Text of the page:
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Martinsville Speedway will honor one NASCAR Hall of Famer and one inductee before Saturday’s NASCAR Hall of Fame 200 Truck Series race.

Hall of Famer Ron Hornaday Jr. will serve as grand marshal for the race, while Bobby Labonte, who will be inducted into the Hall in January, will serve as the honorary starter.

Bobby Labonte. Photo: Getty Images.

We are honored to have 2018 NASCAR Hall of Fame inductee Ron Hornaday Jr. as Grand Marshal and 2020 inductee Bobby Labonte as Honorary Starter at the first NASCAR Hall of Fame 200,” NASCAR Hall of Fame executive director Winston Kelly said in a statement. “Ron is the series’ only four-time champion. As the 2000 premier series champion and 1992 Xfinity champion, Bobby is one of only 31 drivers who has won races in all three NASCAR national series with his lone truck series win coming at Martinsville.”

Said Clay Campbell, president of Martinsville Speedway: “We appreciate the NASCAR Hall of Fame making it possible to have two great NASCAR champions available to meet our fans Saturday morning before the NASCAR Hall of Fame 200. Having Ron and Bobby be a part of our race weekend is special for everyone at Martinsville Speedway.”

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NASCAR entry lists for Martinsville

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Eight drivers remain in the playoffs for Sunday’s race at Martinsville Speedway.

In addition to the Cup Series, the Gander Outdoors Truck Series is also in action this weekend at Martinsville, on Saturday. The Xfinity Series is off this weekend.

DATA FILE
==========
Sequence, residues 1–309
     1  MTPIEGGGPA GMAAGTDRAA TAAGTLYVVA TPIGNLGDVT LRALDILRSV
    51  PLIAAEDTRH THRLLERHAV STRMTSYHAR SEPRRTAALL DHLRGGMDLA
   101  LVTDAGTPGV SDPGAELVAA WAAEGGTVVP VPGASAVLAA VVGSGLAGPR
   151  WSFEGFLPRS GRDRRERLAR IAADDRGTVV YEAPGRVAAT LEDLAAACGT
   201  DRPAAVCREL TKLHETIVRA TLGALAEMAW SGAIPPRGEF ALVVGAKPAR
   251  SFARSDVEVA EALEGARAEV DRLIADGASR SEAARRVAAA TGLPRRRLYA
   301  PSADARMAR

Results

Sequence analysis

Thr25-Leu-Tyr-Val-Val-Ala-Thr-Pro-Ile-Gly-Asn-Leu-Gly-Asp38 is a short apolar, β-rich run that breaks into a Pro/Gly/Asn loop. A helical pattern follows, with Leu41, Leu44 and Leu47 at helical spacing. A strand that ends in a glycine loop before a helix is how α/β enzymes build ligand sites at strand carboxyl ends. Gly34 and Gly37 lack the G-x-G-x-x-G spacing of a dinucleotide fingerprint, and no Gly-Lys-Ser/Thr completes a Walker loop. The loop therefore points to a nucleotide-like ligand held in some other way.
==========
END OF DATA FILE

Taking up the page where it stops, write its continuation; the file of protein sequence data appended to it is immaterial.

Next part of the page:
Here are the preliminary entry lists for both series:

Cup – First Data 500 (3 p.m. ET Sunday on NBCSN)

There are 38 cars entered.

Two cars do not have drivers listed yet on the entry list:

* The No. 51 Petty Ware Racing Chevrolet.

* The No. 52 Rick Ware Racing Chevrolet.

JJ Yeley is in the No. 53 Rick Ware Racing Chevrolet.

Joey Logano won this race last fall. Denny Hamlin finished second and Martin Truex Jr. was third.

In this year’s spring race, Brad Keselowski won, followed by Chase Elliott and Kyle Busch.

Click here for the entry list.

Trucks – NASCAR Hall of Fame 200 (1:30 p.m. ET Saturday on FS1)

There are 32 Trucks entered in the middle race of the Round of 6 of the Truck playoffs.

One Truck does not have a driver listed yet: The No. 0 Jennifer Jo Cobb Racing Chevrolet.

Tanner Gray, who won the 2018 NHRA Pro Stock championship, makes his Truck Series debut in the No. 15 DGR-Crosley Toyota.

Sam Mayer makes his second start of the season in the No. 21 GMS Racing Chevrolet.

Danny Bohn makes his first career Truck Series start in the No. 30 On Point Motorsports Toyota.

Carson Ware makes his first career Truck Series start in the No. 33 Reaume Brothers Racing Chevrolet.

Dawson Cram makes his first Truck Series start of the season and fourth of his career in the No. 34 Reaume Brothers Racing Toyota.

Jeb Burton makes his second Truck Series start of the season in the No. 44 Niece Motorsports Chevrolet.

Also, one week after clinching the ARCA championship, Christian Eckes will make his seventh Truck start of the season, once again piloting the No. 51 Kyle Busch Motorsports Toyota.

Johnny Sauter won this race last fall. Brett Moffitt was second and Myatt Snider was third.

Kyle Busch won this year’s spring race, followed by Ben Rhodes and Brett Moffitt.

Click here for the entry list.